A recent report from research firm Gartner found that the global public cloud computing services market is expected to surpass $180 billion by 2015. In 2012, global spending rested at $111 billion, with it expected to reach $131 billion by the conclusion of 2013, an 18 percent increase.

"Initial resistance to public cloud has begun to subside and customers are beginning to realize its efficiencies as the solutions mature," said Gartner Research Vice President Ian Marriott, Business Standard reported.

As the Gartner study demonstrates, cloud storage for business is on the rise, but as GigaOM contributor James Urquhart recently noted, cloud computing is not the same for every enterprise. He explained that many cloud vendors have enterprise cloud computing products that are largely targeted at companies that develop their own software. However, Urquhart emphasized that there is no single path to cloud adoption and urged service providers to take special care about using generalized terms to discuss cloud storage for business.

Targeting cloud services at the right end user
Urquhart noted that vendors trying to sell cloud infrastructure and services to the enterprise as a whole are likely wasting time, since most medium businesses are not involved in software development. While virtual private clouds can be used for computing purposes in almost any organization, Urquhart stressed that they are unable to "revolutionize the use of IT" for these companies in the same capacity that they can with software developers. Rather than market such SaaS offerings at all enterprises, vendors should instead focus on delivering the more valuable common business systems and platforms. He also said that most medium-sized businesses and even some larger corporations operate in a way that makes it difficult to adopt enterprise cloud storage successfully.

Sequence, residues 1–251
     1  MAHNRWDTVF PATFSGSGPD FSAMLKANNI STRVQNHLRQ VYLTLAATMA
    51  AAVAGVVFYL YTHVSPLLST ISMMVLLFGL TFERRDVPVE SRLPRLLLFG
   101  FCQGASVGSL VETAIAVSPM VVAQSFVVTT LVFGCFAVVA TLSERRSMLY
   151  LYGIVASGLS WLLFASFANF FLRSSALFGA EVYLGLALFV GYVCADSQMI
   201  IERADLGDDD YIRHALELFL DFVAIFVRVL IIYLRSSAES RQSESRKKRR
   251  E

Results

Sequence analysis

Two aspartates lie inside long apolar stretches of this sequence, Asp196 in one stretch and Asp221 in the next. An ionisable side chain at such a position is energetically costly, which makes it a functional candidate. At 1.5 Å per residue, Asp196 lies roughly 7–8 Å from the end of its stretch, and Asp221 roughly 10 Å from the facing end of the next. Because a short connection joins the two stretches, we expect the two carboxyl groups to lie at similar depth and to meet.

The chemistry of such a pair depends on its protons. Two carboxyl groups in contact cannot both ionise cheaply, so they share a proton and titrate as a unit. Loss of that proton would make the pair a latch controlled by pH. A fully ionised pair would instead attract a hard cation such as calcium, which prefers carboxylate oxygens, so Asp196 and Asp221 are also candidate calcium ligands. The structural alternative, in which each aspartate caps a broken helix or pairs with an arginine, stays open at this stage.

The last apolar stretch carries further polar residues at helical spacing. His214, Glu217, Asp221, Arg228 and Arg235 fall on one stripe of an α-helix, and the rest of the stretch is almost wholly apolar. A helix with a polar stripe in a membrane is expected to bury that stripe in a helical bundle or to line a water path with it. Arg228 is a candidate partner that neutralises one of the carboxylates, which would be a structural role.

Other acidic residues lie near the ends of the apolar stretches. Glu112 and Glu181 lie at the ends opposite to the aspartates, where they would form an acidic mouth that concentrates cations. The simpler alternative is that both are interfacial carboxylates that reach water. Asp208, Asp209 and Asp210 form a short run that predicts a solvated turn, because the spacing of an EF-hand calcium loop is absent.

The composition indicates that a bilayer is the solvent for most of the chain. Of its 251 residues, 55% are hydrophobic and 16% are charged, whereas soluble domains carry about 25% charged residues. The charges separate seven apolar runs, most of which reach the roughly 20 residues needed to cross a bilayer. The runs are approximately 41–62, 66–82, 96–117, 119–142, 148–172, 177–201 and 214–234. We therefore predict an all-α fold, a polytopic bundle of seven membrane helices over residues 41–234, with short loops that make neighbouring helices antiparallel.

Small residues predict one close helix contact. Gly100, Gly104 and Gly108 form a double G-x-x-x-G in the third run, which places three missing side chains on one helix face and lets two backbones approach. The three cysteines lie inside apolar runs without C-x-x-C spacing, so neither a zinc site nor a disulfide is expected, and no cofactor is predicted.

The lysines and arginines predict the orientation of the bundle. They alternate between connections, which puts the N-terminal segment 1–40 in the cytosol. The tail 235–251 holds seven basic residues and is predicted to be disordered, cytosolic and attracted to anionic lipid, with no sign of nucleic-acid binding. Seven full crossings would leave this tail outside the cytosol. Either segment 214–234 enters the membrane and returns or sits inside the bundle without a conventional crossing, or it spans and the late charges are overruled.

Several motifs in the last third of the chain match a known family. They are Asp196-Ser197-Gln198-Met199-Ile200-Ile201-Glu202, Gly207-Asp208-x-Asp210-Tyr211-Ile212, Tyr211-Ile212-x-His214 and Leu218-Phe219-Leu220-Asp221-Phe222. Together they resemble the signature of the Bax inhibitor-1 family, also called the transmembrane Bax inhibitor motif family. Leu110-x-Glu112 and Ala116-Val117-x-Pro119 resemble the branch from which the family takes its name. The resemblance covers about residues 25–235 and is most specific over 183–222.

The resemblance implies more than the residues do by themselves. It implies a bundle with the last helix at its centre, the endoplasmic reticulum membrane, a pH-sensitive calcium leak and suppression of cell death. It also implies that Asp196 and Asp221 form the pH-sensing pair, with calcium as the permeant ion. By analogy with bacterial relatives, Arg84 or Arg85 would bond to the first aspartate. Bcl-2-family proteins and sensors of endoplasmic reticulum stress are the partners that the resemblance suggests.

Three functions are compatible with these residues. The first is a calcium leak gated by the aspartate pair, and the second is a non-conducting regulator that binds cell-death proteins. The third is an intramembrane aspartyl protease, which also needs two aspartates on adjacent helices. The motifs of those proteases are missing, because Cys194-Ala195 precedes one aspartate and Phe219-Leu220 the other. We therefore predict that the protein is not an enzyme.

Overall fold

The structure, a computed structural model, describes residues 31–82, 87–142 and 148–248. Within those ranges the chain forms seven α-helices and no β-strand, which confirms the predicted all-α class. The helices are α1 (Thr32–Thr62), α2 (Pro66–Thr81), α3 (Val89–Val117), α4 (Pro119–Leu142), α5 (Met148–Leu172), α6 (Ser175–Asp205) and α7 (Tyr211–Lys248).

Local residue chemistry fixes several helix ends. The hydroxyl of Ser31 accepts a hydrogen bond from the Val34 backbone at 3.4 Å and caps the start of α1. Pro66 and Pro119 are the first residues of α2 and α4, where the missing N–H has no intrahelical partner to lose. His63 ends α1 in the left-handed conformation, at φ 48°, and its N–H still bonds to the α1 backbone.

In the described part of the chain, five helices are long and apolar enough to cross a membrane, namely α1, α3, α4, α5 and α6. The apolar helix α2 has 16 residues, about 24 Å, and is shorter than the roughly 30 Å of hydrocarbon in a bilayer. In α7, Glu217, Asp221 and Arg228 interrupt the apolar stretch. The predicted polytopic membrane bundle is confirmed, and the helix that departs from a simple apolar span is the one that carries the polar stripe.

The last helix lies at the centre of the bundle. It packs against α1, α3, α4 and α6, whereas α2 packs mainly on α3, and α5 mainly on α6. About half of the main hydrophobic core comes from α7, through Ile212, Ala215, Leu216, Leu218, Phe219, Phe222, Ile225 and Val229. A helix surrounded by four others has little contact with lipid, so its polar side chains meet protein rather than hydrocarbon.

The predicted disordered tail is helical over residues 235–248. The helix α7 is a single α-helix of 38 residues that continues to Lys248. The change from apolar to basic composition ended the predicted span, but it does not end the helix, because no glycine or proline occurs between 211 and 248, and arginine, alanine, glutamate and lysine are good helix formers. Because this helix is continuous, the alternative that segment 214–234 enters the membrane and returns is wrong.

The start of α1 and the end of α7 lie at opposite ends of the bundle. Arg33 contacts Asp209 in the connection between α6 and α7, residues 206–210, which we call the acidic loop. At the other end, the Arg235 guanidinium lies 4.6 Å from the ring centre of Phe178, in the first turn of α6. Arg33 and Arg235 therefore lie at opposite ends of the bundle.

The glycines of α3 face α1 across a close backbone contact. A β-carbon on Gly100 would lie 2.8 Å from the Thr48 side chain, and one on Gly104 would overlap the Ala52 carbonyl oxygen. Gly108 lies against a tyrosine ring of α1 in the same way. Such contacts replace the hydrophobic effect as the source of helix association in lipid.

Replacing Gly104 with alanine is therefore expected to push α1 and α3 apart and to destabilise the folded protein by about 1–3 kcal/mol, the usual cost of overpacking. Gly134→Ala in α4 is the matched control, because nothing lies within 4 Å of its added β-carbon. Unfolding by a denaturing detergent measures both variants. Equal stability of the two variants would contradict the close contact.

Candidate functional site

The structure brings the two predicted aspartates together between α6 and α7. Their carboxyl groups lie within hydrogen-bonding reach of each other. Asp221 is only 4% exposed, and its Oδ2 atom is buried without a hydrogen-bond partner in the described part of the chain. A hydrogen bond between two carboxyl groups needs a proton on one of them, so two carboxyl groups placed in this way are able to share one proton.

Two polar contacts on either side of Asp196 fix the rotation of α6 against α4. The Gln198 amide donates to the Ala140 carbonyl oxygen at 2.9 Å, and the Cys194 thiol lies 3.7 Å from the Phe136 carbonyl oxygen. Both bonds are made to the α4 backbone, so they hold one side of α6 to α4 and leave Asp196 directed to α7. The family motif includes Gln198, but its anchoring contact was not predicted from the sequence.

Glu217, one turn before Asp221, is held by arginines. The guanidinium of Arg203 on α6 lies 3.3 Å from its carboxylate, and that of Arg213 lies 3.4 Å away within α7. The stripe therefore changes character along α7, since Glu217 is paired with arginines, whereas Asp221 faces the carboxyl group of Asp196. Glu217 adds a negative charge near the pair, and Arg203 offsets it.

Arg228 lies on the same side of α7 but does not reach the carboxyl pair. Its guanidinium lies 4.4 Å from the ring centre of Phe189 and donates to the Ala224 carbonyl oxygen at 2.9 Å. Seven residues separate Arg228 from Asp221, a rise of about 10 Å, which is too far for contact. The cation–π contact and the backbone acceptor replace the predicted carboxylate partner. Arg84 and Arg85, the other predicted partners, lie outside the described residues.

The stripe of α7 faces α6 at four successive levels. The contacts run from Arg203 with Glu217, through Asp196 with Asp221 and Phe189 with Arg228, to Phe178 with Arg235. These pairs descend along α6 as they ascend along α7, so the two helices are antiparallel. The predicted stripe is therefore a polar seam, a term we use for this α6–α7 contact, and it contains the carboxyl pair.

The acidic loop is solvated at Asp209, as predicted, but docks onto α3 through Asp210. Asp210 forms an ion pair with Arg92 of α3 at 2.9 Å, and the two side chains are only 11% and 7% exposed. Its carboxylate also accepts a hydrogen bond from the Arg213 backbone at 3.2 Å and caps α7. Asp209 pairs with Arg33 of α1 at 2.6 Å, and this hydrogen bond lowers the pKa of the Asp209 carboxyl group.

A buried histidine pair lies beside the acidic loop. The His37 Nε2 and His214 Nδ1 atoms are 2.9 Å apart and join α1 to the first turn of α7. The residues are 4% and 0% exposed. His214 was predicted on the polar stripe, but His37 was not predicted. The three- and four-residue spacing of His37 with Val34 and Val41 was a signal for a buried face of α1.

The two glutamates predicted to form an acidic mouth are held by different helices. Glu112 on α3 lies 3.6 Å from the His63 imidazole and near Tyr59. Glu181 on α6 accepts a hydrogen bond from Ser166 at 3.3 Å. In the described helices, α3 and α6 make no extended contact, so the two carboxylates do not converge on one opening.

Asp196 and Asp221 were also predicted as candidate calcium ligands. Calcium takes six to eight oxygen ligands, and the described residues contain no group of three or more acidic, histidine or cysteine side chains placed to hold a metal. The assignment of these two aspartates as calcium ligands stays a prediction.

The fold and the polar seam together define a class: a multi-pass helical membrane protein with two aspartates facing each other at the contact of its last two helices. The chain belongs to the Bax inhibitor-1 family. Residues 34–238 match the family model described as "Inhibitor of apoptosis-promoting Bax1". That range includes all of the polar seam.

"The scary thing about the transition from a server- or infrastructure-centric operations model to an application-centric model for businesses that don't do software services development is how radical the shift in required skills will be from one model to the other," Urquhart wrote. "Most IT departments were created and staffed (from the client-server era on, at least) to do one thing first and foremost – make sure there are computers available on which to run software that the business requires."

Ranajit Nevatia, vice president of marketing for Panzura, also explored this topic in a recent article for Data Center Knowledge, referring to the problem as "the cloud storage gap." He explained that the cloud holds potential value for practically any business, whether discussing SaaS or IaaS. This is because storage is something that every organization has to grapple with, and as data continues to accumulate, companies of all sizes can be enticed by the idea of cloud computing storage as a way to reduce IT spending. In fact, Nevatia noted that the top driver of cloud storage growth is that storage in general is not a common core competency of the average large organization.

Even so, barriers to adoption exist. The main barrier that Nevatia discussed was the need to translate files to objects so that they can be stored in the cloud. This means that many companies would need to re-write applications first in order to migrate them, which can be particularly costly. While some cloud vendors have released tools to help convert files and spur business adoption, Nevatia explained that these are limited and often inadequate for meeting the needs of larger corporations. Other barriers include security, availability and performance concerns.

Nevatia explained that that one way to eliminate the conversion challenge is with cloud storage controllers, which are systems that reside in corporate data centers and translate files for the cloud.

"Aside from translating files into objects for storage in the cloud, the most basic function of an enterprise-class cloud storage controller is to provide a standard enterprise-grade file system that is scalable into millions or billions of files spanning hundreds of terabytes or petabytes," Nevatia wrote. "The file system enables enterprise applications to transparently integrate with the cloud storage controller as if it were a local storage device."

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